Hungry for food, hungry for justice, hungry for peace

Ghana, 2007. Photo: Armin Paasch/EAA

October 16 is the World Food Day, and from October 15 to October 21, we celebrate the Churches' Week of Action on Food. So it is an appropriate time to reflect on the scandal and the shame that each night, one person in nine of all humanity goes to sleep hungry. 38 million more people than the previous year are hungry, bringing the number up to 815 million, reversing the 10-year trend of gradual reduction in hunger.

Looking closer, one in three of all people in the world are malnourished, with under-nutrition or obesity in both children and adults increasing simultaneously. Sixty percent of undernourished people are women or girls. Latest evidence also points that one in five deaths today is diet related.

Why is this so, when the world produces enough food for all? When there is enough knowledge about healthy diets and life style?

There are four key reasons for this sorry state of affairs:

  • Conflicts: 60% of the hungry people in the world live in regions affected by conflicts caused by man. Violent conflicts, war, flagrant abuse of human rights, denial of civil and political rights, insecurity and displacement precipitate hunger. In spite of many efforts, including faith communities trying hard to help, food too is used as a weapon of war. The lack of political will to make peace and the poor response – with only half the people affected being reached and only half the resources needed being raised –contributes to this catastrophic situation.
  • Commodification of food and industrial agriculture: The industrial food chain is using at least 75% of the world’s agricultural land and most of agriculture’s fossil fuel and freshwater resources to feed barely 30% of the world’s population. Conversely, more than 500 million small farmers around the world are using less than 25% of the land and comparatively negligible fossil fuels or chemicals to feed 70% of humanity.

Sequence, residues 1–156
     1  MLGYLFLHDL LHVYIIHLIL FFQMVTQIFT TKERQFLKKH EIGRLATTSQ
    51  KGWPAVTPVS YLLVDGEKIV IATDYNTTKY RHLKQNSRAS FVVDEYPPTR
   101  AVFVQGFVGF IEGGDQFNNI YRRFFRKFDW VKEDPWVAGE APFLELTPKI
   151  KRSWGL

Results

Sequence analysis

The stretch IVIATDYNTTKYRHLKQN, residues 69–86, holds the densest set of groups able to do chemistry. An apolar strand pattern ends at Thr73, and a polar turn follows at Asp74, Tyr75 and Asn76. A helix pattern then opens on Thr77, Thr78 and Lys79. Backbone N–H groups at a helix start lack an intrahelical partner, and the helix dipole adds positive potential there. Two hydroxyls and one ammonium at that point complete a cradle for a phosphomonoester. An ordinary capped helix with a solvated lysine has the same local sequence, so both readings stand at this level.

• Climate change: The short term impact of climate change results in frequent and more intense extreme weather events, and the long-term impacts are caused by changing temperatures and precipitation patterns. Climate change affects human health, livelihoods, food production and distribution channels, as well as changing purchasing power and market flows.
  • Patriarchy: The status of women and their access to education, land and resources have a profound influence on society. There is a strong correlation between hunger and gender inequalities. Women's limited control over assets limits their capacity in food production as well. Twice as many women suffer from malnutrition as men, and girls are twice as likely to die from malnutrition as boys. Maternal health is crucial for child survival - an undernourished mother is more likely to deliver an infant with low birth weight, significantly increasing its risk of dying. Land ownership and improved access to decision making, education and resources for women are the best guarantee to assure food on the family’s table and to assure the health and welfare of future generations.

Mend our broken relationships.

As Athena Peralta reflects in her biblical reflections in the upcoming newsletter of the Food for Life Campaign, food is about our relationship with the God of Life, creator and provider, who lovingly and abundantly endowed the Earth with fertile fields for human beings to till, forests to forage, rivers and ocean to fish in so that none may go hungry and all may live in full (John 10: 10).

Food is also about our relationship with land, water and air, the very sources of our sustenance. Finally, food is about relationships between and among peoples. It is our existential need and our moral and ethical imperative that we strive to bring healing and reconciliation to broken relationships and invest in strengthening our relationships with God, each other and the environment, if we are to end hunger.

About the author :

Dr Manoj Kurian is the coordinator of the WCC-Ecumenical Advocacy Alliance.

He is a Malaysian medical doctor, trained in Community Health and Health Systems Management. After working for seven years in mission hospitals in diverse rural regions in India, from 1999, he headed the health work at the WCC for 13 years. From 2012, for two years, he worked at the International AIDS Society as the senior manager, responsible for the policy and advocacy work.

He is an adjunct faculty at the College of Public Health, Kent State University, USA. Manoj is married and has two children.


The impressions expressed in the blog posts are the contributions of the authors and do not necessarily reflect the opinion or policies of the World Council of Churches.